News Letter publisher's shares soar by over 70%
Shares in News Letter publisher Johnston Press have soared amid speculation about its future, but the company has issued a statement saying it is unaware of a reason for the share price movement.
The publisher's shares spiked by more than 70% in afternoon trading, following reports suggesting the board might put the company into administration.
Johnston Press, which also publishes eight local titles in Northern Ireland, is trying to refinance its bonds, but said it had not received outside proposals for its debt restructuring and that no agreement on potential options had yet been reached.
In a statement, the company said: "The board of directors of Johnston Press notes the rise in the company's share price today and confirms that it knows of no operational or corporate or other reason for the price movement.
"The company continues to explore a number of strategic options for the restructuring or refinancing of its bonds and confirms that no agreement on these potential options has been reached."
The publisher of The Scotsman and Yorkshire Post said it had received a letter from Custos Group, which owns more than 20% of Johnston Press. The confirmation comes after it was reported that Custos Group, which is headed up by Norwegian entrepreneur Christen Ager-Hanssen, said there was speculation that Johnston Press was going to be put into administration.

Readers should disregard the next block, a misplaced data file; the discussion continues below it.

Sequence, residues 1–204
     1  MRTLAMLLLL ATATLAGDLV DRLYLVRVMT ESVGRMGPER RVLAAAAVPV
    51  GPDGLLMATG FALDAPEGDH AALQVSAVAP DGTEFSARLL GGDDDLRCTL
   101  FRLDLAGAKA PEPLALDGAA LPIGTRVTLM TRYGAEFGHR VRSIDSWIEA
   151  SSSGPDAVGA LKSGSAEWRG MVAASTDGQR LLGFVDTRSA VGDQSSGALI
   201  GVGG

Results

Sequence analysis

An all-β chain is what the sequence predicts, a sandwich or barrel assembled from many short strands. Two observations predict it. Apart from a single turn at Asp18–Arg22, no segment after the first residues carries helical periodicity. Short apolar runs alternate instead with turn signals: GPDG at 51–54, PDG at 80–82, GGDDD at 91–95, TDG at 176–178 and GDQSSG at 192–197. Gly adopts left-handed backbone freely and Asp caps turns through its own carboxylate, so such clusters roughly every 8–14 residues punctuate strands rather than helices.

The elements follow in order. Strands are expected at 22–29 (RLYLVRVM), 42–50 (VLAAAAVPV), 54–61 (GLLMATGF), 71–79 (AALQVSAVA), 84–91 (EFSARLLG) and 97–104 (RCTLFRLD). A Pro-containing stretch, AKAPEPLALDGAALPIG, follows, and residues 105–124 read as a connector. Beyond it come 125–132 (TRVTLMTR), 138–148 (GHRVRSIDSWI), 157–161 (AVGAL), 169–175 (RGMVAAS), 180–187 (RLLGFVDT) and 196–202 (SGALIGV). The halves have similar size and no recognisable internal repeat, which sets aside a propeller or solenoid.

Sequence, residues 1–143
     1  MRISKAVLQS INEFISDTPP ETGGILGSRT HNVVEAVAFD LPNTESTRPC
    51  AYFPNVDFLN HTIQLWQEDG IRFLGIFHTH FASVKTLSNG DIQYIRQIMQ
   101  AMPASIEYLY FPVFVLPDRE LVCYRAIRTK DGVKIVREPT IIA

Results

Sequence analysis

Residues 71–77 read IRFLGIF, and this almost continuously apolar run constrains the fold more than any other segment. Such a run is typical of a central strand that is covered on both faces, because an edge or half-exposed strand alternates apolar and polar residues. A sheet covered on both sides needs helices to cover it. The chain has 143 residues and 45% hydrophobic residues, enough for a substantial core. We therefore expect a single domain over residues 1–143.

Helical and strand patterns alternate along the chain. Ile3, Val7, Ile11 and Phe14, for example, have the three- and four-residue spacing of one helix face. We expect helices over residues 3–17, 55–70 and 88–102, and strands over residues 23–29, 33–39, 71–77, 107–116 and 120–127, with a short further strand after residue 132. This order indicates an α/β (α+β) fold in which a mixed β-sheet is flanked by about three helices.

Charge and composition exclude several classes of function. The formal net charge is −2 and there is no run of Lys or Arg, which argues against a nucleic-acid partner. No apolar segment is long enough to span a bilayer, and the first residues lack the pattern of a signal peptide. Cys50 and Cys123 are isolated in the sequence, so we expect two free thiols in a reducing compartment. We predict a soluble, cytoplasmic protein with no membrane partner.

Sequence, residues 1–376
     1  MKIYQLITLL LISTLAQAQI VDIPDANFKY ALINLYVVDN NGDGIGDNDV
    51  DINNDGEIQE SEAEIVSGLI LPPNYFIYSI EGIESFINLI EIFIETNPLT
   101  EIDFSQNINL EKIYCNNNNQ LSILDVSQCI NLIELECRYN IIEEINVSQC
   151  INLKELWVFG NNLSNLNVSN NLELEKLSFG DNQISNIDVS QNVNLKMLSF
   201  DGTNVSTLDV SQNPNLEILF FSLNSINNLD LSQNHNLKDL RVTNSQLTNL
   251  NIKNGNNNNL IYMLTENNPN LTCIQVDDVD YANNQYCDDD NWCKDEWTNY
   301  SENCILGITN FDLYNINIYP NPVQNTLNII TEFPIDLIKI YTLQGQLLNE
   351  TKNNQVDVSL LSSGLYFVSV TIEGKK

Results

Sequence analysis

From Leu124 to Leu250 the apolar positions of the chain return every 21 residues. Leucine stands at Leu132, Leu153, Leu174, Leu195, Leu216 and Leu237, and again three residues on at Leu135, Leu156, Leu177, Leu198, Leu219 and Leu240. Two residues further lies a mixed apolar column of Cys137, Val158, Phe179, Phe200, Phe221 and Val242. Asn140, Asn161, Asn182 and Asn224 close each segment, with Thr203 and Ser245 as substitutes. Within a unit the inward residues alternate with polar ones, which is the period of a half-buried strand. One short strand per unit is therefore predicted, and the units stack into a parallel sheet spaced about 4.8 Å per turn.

Mr Ager-Hanssen reportedly wished to know whether Johnston Press' board was opting for a pre-pack administration, and said he was a prospective bidder for the business.
Johnston Press is looking at ways to refinance £220m of debt that becomes repayable in June next year. Golden Tree owns the majority of the debts owed by Johnston Press.
Johnston Press recently signalled a fresh round of cost-cutting, saying a challenging market has put pressure on revenues, which dropped nearly 10% over 2017.
This week Business Telegraph revealed that Belfast Media Group has put its print hall on the market, after outsourcing its printing to Johnston Press' Carn operation in Portadown last year.
The Hannahstown Hill print hall, which formerly printed the titles North Belfast News, Andersonstown News and South Belfast News, is on the market for £300,000.
The company said the closure of the print hall marked "the end of an era" but that it was confident the property could be put to good use.